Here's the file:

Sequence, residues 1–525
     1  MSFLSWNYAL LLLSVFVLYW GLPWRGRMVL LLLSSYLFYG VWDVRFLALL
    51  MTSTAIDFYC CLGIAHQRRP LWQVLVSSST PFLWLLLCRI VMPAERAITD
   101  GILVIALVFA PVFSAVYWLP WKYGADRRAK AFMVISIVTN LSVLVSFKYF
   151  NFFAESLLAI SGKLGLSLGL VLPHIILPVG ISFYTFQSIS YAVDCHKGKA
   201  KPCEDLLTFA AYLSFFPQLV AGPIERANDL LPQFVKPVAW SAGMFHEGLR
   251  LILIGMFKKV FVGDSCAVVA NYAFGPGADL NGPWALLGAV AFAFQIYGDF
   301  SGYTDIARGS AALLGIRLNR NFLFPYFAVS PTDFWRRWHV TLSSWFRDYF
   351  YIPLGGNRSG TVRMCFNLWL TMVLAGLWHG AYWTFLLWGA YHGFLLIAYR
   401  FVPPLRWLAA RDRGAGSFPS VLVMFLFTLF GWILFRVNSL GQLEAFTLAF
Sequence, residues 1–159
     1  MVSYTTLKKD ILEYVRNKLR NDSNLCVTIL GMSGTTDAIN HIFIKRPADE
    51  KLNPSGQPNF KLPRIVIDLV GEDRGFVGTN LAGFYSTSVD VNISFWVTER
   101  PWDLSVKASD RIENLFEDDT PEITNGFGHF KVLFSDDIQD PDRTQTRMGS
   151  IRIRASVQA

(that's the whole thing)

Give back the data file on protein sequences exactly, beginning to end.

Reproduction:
Sequence, residues 1–525
     1  MSFLSWNYAL LLLSVFVLYW GLPWRGRMVL LLLSSYLFYG VWDVRFLALL
    51  MTSTAIDFYC CLGIAHQRRP LWQVLVSSST PFLWLLLCRI VMPAERAITD
   101  GILVIALVFA PVFSAVYWLP WKYGADRRAK AFMVISIVTN LSVLVSFKYF
   151  NFFAESLLAI SGKLGLSLGL VLPHIILPVG ISFYTFQSIS YAVDCHKGKA
   201  KPCEDLLTFA AYLSFFPQLV AGPIERANDL LPQFVKPVAW SAGMFHEGLR
   251  LILIGMFKKV FVGDSCAVVA NYAFGPGADL NGPWALLGAV AFAFQIYGDF
   301  SGYTDIARGS AALLGIRLNR NFLFPYFAVS PTDFWRRWHV TLSSWFRDYF
   351  YIPLGGNRSG TVRMCFNLWL TMVLAGLWHG AYWTFLLWGA YHGFLLIAYR
   401  FVPPLRWLAA RDRGAGSFPS VLVMFLFTLF GWILFRVNSL GQLEAFTLAF
Sequence, residues 1–159
     1  MVSYTTLKKD ILEYVRNKLR NDSNLCVTIL GMSGTTDAIN HIFIKRPADE
    51  KLNPSGQPNF KLPRIVIDLV GEDRGFVGTN LAGFYSTSVD VNISFWVTER
   101  PWDLSVKASD RIENLFEDDT PEITNGFGHF KVLFSDDIQD PDRTQTRMGS
   151  IRIRASVQA